P1000529As gales continue to batter the west coast of Scotland, we continue to hide inside.  The decision to abandon reliance on Brian and his awning is looking like a sound one.  We have just adapted to being inside, and using the site facilities. The caravan has a big living space, which enables us to spread out inside, something which just isn’t possible in the van, especially without the awning (which is not designed for gale force winds).  The site has a pub/restaurant on site which is actually quite pleasant, and has the benefit of free wi-fi so we can save on the mobile data fees.  Most of the time is spent reading, swimming, playing cards (lots) and catching up on The Archers (2 omnibus editions and 2 episodes so far!) 

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P1130502 (768x1024)It’s not the holiday we had been planning, but we’re all still enjoying ourselves, and the only real source of contention is who gets to light the candles with the clicky lighter….

The second night we were here we thought we’d try the free entertainment as they had a science show we thought Jonathan would like.  Well, that was an…interesting experience.  Jonathan has also done some of the sports training sessions, but I think he plans to blog about that himself.

We have special plans for this evening which hopefully will make the blog shortly afterwards, watch this space.

Not literally, don’t worry. After a blustery night in Newburgh (in a nice warm house fortunately) we used the time waiting for Brian’s return from the garage to study every weather forecast on the Internet. Things were not looking good, with heavy rain and gale force winds forecast.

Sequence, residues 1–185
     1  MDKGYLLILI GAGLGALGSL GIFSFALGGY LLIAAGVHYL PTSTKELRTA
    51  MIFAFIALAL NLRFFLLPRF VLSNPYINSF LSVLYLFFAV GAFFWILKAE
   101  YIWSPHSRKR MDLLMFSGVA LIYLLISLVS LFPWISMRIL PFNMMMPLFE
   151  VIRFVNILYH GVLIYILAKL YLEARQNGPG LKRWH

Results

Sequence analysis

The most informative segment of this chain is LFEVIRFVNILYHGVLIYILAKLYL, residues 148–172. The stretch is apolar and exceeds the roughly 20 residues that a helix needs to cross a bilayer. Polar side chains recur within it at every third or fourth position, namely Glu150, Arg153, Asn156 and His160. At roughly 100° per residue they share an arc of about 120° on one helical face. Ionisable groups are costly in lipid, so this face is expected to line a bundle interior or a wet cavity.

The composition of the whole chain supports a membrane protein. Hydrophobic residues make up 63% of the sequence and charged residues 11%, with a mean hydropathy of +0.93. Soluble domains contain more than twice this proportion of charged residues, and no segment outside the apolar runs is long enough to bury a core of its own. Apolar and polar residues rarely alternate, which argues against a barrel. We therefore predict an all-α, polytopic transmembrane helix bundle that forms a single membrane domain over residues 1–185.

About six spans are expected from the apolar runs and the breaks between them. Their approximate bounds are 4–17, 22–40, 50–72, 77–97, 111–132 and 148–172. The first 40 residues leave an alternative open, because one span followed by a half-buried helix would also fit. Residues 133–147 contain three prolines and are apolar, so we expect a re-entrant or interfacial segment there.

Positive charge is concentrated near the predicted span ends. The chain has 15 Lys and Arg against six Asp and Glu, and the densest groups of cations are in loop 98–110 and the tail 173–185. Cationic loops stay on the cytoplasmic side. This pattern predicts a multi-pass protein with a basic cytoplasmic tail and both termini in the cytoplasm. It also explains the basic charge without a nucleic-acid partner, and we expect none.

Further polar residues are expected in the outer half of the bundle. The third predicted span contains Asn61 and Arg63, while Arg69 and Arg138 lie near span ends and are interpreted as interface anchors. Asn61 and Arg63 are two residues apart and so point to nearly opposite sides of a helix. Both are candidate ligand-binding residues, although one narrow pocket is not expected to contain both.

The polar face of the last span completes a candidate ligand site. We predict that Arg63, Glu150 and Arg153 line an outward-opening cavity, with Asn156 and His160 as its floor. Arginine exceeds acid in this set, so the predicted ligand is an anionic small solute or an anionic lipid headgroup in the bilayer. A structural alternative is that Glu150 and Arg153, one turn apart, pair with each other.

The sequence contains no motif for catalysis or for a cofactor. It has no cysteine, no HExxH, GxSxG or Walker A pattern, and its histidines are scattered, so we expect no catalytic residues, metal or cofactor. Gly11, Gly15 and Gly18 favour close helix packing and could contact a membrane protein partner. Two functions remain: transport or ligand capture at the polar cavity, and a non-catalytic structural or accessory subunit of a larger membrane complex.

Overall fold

Our next planned stop was Ardmair point, a peninsular near Ullapool. We decided such an exposed site was not the best plan, and the aim had been just to lounge around the site, walk, read etc. A new plan was needed! Thursday’s forecast was looking better, and the girl’s were keen to climb Ben Nevis so we decided to head down to Fort William (the final decision was only made en-route) with a view to the girls and me climibing Ben Nevis if the weather was suitably dry and settled for us to make an attempt with limited equipment. We pitched at the wonderful and well-priced Glen Nevis Holidays site

Alas the climb was not to be. The weather did improve, but only made it to sunshine and showers, with low cloud hanging over Ben Nevis for most of the day. Instead we opted to head off in the van and made like tourists (much to Ruth’s displeasure, she hates being a tourist).

We visited Nepune’s staircase, and impresseive series of locks at the beginning of the Caledonian canal and then Glenfinnan viaduct, which has always attracted tourists but now has the added draw of having featured in the Harry Potter films (including in the flying car sequence). Then we moved on for the obligatory attempt at Nessy-spotting. The whole day was punctuated with stunning mountain and loch views, and only a few rain showers. It was a fantastic day, and a taste of what we had hoped for on this part of the trip.

Loch Ness (click for larger version)

View from the caravan at Craig Tara, Ayr

View from the caravan at Craig Tara, Ayr

A further weather forecast review though confirmed our fears, rain, more rain, still more rain, and some gale force winds thrown in. Time for a complete revision to plans. We found ourselves a cheap caravan deal with free leisure pool, booking into Craig Tara, the former Butlins site at Ayr, now run by Haven Holidays, for a week. The cost is only slightly more than we would have paid in site fees for Brian, and gives us more space to lounge around indoors while the wind and rain howls around us! It’s not the sort of site we would normally opt for a holiday on, but for our purposes just now it fits the bill. As I write the winds are battering the caravan, but the rest of the family are happily swimming in the pool. There is an extreme weather warning in place for tomorrow as the remnants of Hurricane Katia are expected to make landfall here. We will be staying put and hoping the caravan is obliging enough to do likewise. Later in the week we hope to go into Glasgow for a day, and maybe spend another day karting and (belatedly) celebrating Susan’s birthday stuffing our faces at Frankie and Benny’s.